A lot of expat friends and colleagues ask me about my overall experience in raising dogs in the Philippines. To this question, I reply that raising dogs is always fun and fulfilling, if you know how to adapt to your own surroundings.
Growing up, we had a very large enclosed yard that made it easy to live with a dozen dogs including German Shepherds and short-haired pointers. When I lived in a cramped apartment, I had to make do with visiting my dog, a medium-sized mixed breed named Rambo, at my parents’ place on weekends. In fact, I must admit that Rambo was the reason why I was in such a rush to finally get a house with a yard outside the city (while everyone else wanted a studio right in the business district). When we finally moved in with Rambo, I was beside myself with joy and relief.
Much as we would like to enjoy our dog’s companionship on our own terms, the truth is that our environment pretty much influences our activities with our dog. For instance, living in a congested city with your dog means there’s a big chance you don’t have access to lots of open space, making it a bit difficult to give your dog his exercise needs. This means that you need to find a way to exercise your dog, by finding those routes where you can run together safely and regularly.
Here are other concerns or issues of dog owners in the Philippines, and how you can make the most of the situation if it gets in the way of your enjoyment.
Space is limited. If you live in a condo, you probably know it’s not practical to have a large dog. This is probably the main reason why shih tzus and other small breeds reign as the most popular dogs in Metro Manila. To meet your dog’s exercise requirements, consider taking him out for regular walks. You can also go for out-of-town trips on weekends or during your free time so that he can have a taste of the outdoors. If this is not an option, get your dog to exercise with activities around the house. You can also buy toys that he can play with at home. Balls and boxes go a long way in entertaining dogs, even those who live in cramped places. You can also get your pet to run up and down the stairs. (P.S. If you’re a condo owner, read this article on What You Should Know About Keeping Your Furry Pals in Your Condo)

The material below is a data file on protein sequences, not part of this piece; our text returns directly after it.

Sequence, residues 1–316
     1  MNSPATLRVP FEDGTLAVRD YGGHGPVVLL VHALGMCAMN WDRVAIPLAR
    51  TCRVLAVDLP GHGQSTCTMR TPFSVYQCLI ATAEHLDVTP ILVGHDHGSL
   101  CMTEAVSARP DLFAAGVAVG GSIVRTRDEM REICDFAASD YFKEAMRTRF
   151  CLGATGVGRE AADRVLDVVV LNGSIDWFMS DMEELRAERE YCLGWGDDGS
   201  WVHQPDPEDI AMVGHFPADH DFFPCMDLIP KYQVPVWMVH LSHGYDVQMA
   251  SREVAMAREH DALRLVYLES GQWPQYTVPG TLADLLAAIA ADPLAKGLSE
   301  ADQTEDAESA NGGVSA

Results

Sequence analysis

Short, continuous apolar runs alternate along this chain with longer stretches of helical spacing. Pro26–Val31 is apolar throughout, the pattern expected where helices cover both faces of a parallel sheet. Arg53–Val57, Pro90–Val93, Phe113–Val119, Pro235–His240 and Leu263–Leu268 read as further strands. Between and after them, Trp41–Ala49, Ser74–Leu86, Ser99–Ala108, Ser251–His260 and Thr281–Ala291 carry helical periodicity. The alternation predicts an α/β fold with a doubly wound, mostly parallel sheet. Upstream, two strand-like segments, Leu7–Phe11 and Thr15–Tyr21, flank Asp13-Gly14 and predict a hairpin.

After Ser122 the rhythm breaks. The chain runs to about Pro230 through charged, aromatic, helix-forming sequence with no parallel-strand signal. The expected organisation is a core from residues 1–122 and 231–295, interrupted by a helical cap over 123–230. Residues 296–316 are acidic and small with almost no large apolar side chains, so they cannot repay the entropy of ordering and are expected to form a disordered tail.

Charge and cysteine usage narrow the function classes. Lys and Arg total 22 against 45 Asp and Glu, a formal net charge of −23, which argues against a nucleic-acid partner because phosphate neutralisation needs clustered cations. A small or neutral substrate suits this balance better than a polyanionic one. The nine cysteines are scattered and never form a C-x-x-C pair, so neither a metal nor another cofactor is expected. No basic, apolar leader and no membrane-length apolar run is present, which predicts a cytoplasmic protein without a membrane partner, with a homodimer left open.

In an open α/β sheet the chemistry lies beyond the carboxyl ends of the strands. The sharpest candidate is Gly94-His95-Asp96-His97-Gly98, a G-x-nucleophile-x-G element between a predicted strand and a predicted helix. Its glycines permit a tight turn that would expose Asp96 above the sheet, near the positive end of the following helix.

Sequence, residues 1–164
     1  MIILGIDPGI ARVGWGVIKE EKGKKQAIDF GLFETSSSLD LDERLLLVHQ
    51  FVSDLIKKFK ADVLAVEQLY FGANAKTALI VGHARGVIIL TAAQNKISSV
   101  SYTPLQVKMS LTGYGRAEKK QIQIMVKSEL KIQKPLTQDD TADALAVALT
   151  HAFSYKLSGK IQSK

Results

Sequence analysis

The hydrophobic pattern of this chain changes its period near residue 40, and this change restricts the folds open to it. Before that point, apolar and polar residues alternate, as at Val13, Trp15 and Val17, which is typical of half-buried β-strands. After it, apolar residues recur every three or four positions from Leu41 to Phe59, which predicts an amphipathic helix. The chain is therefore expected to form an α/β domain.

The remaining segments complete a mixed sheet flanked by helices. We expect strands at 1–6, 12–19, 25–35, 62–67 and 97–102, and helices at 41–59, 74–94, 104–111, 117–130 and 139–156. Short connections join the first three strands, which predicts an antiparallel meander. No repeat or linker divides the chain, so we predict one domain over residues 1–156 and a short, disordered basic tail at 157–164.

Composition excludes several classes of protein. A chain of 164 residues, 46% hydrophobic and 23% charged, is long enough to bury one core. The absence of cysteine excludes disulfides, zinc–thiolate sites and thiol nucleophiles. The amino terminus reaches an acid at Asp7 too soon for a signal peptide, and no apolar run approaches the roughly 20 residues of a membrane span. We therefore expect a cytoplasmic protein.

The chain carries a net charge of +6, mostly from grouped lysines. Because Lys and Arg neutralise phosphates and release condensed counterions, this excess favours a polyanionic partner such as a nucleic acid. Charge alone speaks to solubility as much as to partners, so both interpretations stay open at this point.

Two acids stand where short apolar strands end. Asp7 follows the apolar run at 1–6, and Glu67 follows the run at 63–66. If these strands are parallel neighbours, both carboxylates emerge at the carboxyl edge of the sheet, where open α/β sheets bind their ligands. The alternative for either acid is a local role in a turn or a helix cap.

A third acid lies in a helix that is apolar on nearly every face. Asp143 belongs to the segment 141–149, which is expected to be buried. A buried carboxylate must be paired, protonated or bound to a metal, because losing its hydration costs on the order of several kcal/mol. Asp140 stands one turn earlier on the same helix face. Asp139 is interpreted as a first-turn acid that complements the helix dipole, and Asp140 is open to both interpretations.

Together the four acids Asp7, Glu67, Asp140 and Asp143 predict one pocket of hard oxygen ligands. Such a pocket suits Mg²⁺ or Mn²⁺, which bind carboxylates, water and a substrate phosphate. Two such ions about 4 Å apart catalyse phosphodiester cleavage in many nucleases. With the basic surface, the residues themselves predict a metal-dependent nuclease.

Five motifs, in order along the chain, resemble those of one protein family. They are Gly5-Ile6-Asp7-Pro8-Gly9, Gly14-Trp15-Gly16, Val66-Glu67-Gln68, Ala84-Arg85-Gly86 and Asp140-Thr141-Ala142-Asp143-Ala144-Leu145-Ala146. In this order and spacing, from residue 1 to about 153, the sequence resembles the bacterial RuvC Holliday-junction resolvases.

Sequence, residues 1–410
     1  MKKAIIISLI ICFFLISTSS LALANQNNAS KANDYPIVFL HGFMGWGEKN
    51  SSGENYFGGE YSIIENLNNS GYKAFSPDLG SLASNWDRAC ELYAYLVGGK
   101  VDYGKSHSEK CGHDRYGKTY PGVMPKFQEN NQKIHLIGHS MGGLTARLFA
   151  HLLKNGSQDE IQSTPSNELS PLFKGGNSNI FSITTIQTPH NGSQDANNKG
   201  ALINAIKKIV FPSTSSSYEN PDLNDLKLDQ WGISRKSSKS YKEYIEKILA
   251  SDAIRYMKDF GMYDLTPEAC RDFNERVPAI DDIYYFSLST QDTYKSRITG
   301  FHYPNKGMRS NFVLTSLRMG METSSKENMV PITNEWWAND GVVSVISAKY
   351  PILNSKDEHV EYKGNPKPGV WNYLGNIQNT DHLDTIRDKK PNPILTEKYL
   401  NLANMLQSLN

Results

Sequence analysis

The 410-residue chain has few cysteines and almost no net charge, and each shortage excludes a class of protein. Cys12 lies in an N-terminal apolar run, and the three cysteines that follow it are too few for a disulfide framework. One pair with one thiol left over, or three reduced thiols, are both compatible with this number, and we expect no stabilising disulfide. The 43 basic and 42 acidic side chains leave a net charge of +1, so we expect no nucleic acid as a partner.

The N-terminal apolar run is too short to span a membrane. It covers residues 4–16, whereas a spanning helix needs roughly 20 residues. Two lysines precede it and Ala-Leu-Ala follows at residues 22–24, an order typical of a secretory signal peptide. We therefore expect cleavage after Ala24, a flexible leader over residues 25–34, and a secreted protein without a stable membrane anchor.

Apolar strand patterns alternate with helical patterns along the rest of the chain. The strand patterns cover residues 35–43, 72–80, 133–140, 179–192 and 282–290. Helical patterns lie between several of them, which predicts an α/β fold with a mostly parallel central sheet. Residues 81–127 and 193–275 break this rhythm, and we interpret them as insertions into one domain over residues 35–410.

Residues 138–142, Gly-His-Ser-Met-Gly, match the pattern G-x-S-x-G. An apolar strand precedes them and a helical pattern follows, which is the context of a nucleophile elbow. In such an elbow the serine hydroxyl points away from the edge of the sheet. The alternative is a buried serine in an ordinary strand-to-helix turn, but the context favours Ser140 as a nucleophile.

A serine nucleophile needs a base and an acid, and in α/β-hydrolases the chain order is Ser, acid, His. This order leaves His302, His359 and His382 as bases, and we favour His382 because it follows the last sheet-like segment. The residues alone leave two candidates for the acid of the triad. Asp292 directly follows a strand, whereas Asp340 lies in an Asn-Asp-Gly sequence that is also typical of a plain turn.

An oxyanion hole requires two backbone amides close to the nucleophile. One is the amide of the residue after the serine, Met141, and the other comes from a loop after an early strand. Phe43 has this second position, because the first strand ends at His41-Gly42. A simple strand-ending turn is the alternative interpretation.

Ignorant, irresponsible dog walkers. Let me be brutally honest. I don’t feel safe walking my dogs in many places in the Philippines. That’s because there are so many dog walkers who do not know a thing about dog behavior, and think it is perfectly okay to let their dog meet head-on with my dog, without even looking if any of the pooches are anxious or angry. Obviously, they are not aware that a dog fight can happen in a blink of an eye. Worse, many of these are large dogs who have obviously not received any form of obedience training. You see these people everywhere, such as in dog-friendly places like BGC and UP Town Center, your vet’s office, and your very own neighborhood. When taking out your dog, make sure to pay complete attention to what your dog is doing, and no matter how good natured your dog is, don’t let it go straight for another dog (the same way you shouldn’t let your dog head straight for a small child).
Dog owners who don’t pick up after their dogs. Why does this matter to you? That’s because a lot of diseases are transmitted through germs in fecal material. The parvo virus, for instance, can survive for six months even in sunlight. In other words, the bad habits of irresponsible dog owners pose a threat to you and your dog. For this reason, be very careful and selective when choosing routes to walk your dog.
Few pet-friendly establishments (but more are coming up). Some good news here. There is a growing number of pet-friendly establishments, and with pet ownership increasing, there is surely bound to be more. Unfortunately, these are mostly confined to larger malls in Metro Manila, but it’s a good enough start. BGC, Estancia, Eastwood, UP Town Center, Robinsons Magnolia are among those that allow dogs indoors. I particularly love how I can sit inside Coffee Bean with my dog beside me. There are some restrictions on larger dogs, though. Some malls, such as SM, require dogs to wear diapers or belly bands, or for owners to have strollers. In any case, always have your dogs’ vaccination card handy.
Limited (but growing) services and products. I guess it’s quite frustrating not to have all the nice pet stuff available, but the good thing is that there are more products and services for pets now compared to ten years ago. Today, there are more pet food choices, toys, leads, and dog grooming accessories available. Pet Express and Bow and Wow carry a wide range of products, while veterinarians also have a growing arsenal of medications now available. Online shopping has also made it much easier to get pet stuff.